October FOMC statement is causing economists and market participants to adjust their views on when the Fed is most likely to begin tapering down its quantitative easing program. After the government shutdown and debt ceiling fight happened — and then was merely postponed to the first quarter of 2014 instead of resolved — a new Wall Street consensus formed around the notion that the Fed probably wouldn’t begin tapering until March.
However, the lack of any reference to the fiscal battles in the October FOMC statement spurred a small sell-off in stock and bond markets, and Wall Street economists began to reconsider when tapering would happen in their reactions to the release. In a note, Citi’s Steven Englander presents a chart to illustrate these changing views. “A good data point or two and there is plenty of room for asset markets to back up,” he writes. “Figure 1 shows our view of the markets expectations of tapering just prior to the September FOMC, just prior to October’s FOMC and today. The path is indicative, not a hard measure of investor expectations, but we would stress how modest the pullback in dovish expectations has been.”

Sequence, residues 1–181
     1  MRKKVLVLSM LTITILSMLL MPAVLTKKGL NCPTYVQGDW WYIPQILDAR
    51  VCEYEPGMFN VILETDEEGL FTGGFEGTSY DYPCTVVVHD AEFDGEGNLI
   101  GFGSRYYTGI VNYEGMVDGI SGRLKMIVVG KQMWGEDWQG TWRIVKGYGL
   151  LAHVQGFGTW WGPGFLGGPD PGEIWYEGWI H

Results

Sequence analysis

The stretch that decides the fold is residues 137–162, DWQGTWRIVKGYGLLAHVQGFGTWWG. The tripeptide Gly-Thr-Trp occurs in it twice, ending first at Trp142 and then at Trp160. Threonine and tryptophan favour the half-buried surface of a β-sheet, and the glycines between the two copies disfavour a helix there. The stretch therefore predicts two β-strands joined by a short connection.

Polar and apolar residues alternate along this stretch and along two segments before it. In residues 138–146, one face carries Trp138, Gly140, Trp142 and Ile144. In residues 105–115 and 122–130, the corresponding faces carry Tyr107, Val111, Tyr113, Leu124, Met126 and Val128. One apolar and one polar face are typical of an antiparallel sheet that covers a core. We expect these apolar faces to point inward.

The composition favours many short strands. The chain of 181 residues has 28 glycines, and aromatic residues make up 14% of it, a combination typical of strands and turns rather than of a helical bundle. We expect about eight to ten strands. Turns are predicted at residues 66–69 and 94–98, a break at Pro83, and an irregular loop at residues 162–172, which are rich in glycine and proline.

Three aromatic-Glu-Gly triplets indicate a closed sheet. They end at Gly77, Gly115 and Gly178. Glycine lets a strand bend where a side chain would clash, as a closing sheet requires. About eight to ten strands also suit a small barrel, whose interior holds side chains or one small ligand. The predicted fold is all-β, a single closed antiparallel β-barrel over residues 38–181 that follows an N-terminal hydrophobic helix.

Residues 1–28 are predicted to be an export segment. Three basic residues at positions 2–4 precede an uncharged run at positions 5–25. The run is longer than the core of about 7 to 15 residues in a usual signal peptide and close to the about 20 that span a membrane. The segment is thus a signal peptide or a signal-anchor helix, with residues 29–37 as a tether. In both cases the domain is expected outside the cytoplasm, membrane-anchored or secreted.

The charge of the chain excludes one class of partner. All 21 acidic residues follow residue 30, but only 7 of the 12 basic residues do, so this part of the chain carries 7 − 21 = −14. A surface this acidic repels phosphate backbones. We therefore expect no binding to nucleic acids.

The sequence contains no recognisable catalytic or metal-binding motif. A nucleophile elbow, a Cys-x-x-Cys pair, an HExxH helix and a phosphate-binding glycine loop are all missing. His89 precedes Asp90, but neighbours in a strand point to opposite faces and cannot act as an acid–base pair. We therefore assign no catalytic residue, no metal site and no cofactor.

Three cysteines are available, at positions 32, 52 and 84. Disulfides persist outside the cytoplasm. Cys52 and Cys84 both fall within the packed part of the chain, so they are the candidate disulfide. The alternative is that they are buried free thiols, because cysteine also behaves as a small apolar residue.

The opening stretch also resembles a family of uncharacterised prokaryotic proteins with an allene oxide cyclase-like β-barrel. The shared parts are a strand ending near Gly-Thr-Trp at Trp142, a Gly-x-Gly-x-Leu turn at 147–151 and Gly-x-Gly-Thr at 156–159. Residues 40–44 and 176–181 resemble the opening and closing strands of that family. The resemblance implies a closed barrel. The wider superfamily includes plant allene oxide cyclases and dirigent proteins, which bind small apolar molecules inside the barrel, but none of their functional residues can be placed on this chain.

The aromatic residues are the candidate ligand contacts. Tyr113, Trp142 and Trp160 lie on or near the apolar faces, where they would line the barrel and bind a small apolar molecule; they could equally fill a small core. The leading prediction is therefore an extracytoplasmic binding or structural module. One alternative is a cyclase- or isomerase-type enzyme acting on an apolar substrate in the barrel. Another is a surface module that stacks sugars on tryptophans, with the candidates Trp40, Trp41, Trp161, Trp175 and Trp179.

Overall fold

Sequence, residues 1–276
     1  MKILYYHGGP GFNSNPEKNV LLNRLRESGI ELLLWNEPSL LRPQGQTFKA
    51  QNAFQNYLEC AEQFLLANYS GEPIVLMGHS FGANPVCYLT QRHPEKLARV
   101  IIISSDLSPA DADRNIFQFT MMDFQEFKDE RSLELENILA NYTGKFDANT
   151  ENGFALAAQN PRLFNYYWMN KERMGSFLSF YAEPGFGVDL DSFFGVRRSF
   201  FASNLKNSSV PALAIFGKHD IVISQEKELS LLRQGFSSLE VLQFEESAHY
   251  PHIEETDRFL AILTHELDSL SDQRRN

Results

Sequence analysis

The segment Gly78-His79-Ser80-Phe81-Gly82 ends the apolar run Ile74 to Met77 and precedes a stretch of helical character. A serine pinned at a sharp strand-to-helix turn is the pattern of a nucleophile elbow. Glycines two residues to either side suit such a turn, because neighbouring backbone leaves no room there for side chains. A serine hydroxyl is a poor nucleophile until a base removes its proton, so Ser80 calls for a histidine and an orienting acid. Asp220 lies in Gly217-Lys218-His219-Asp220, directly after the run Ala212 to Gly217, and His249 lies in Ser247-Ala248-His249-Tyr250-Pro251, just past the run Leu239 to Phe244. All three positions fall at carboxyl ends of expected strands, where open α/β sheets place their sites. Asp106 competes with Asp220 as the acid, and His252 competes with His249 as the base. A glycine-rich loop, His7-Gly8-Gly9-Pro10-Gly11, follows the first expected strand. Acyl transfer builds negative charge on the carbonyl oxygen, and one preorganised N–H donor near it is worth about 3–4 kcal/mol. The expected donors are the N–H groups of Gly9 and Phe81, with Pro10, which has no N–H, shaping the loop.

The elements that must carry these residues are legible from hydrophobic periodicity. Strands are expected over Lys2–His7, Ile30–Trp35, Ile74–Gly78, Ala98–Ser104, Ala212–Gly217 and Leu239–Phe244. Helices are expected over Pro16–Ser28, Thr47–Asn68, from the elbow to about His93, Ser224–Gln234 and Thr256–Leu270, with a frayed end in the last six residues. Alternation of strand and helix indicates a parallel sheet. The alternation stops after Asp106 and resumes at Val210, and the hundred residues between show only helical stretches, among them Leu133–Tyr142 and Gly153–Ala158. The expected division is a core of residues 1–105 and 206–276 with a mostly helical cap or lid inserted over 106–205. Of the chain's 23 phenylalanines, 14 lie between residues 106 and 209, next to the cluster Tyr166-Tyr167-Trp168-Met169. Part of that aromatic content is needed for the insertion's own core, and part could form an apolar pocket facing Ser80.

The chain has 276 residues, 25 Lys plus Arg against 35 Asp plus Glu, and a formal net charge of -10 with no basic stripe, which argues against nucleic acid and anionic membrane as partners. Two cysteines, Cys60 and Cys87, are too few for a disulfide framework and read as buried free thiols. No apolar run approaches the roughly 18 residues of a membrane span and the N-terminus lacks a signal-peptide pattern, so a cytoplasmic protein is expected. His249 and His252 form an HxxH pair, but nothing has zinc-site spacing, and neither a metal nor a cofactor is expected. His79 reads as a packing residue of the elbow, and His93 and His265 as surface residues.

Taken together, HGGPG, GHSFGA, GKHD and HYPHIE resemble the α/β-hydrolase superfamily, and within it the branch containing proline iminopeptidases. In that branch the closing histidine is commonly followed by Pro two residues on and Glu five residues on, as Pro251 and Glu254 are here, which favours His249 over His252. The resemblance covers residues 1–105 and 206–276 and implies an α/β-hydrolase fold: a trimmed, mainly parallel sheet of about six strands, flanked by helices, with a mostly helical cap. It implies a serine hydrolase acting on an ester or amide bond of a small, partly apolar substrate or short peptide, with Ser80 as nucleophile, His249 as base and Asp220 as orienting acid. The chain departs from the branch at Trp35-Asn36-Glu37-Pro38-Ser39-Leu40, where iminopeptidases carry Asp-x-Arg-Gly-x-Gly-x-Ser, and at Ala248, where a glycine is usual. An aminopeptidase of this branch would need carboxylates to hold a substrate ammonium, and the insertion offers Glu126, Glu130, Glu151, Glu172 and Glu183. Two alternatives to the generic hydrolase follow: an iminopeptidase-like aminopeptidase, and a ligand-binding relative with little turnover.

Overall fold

Right now, the Fed buys $85 billion of Treasuries and mortgage bonds each month. The chart below illustrates different forecasts for the path of how monthly purchases will eventually be wound down to zero.